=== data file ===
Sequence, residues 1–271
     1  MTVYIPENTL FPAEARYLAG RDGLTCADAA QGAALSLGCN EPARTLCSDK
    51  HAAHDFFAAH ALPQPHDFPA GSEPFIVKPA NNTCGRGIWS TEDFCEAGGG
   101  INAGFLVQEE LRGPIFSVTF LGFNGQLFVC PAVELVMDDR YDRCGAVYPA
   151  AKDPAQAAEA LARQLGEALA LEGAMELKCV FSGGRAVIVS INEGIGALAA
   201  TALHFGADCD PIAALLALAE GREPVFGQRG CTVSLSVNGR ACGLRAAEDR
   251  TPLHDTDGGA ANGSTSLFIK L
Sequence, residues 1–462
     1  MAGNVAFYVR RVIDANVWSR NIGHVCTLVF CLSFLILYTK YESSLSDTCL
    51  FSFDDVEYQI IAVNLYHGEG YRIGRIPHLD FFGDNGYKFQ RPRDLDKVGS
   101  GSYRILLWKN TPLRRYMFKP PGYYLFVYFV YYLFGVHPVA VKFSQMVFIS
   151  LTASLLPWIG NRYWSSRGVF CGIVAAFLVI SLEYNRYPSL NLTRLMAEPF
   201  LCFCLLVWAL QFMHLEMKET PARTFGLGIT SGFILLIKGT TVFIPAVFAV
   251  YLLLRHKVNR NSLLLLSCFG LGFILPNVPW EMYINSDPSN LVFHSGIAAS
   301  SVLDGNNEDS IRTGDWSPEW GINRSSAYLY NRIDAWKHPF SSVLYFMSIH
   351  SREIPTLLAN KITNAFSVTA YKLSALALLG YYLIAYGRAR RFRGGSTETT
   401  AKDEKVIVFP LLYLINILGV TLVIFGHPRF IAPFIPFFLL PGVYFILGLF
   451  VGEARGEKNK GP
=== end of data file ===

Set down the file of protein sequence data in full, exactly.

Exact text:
Sequence, residues 1–271
     1  MTVYIPENTL FPAEARYLAG RDGLTCADAA QGAALSLGCN EPARTLCSDK
    51  HAAHDFFAAH ALPQPHDFPA GSEPFIVKPA NNTCGRGIWS TEDFCEAGGG
   101  INAGFLVQEE LRGPIFSVTF LGFNGQLFVC PAVELVMDDR YDRCGAVYPA
   151  AKDPAQAAEA LARQLGEALA LEGAMELKCV FSGGRAVIVS INEGIGALAA
   201  TALHFGADCD PIAALLALAE GREPVFGQRG CTVSLSVNGR ACGLRAAEDR
   251  TPLHDTDGGA ANGSTSLFIK L
Sequence, residues 1–462
     1  MAGNVAFYVR RVIDANVWSR NIGHVCTLVF CLSFLILYTK YESSLSDTCL
    51  FSFDDVEYQI IAVNLYHGEG YRIGRIPHLD FFGDNGYKFQ RPRDLDKVGS
   101  GSYRILLWKN TPLRRYMFKP PGYYLFVYFV YYLFGVHPVA VKFSQMVFIS
   151  LTASLLPWIG NRYWSSRGVF CGIVAAFLVI SLEYNRYPSL NLTRLMAEPF
   201  LCFCLLVWAL QFMHLEMKET PARTFGLGIT SGFILLIKGT TVFIPAVFAV
   251  YLLLRHKVNR NSLLLLSCFG LGFILPNVPW EMYINSDPSN LVFHSGIAAS
   301  SVLDGNNEDS IRTGDWSPEW GINRSSAYLY NRIDAWKHPF SSVLYFMSIH
   351  SREIPTLLAN KITNAFSVTA YKLSALALLG YYLIAYGRAR RFRGGSTETT
   401  AKDEKVIVFP LLYLINILGV TLVIFGHPRF IAPFIPFFLL PGVYFILGLF
   451  VGEARGEKNK GP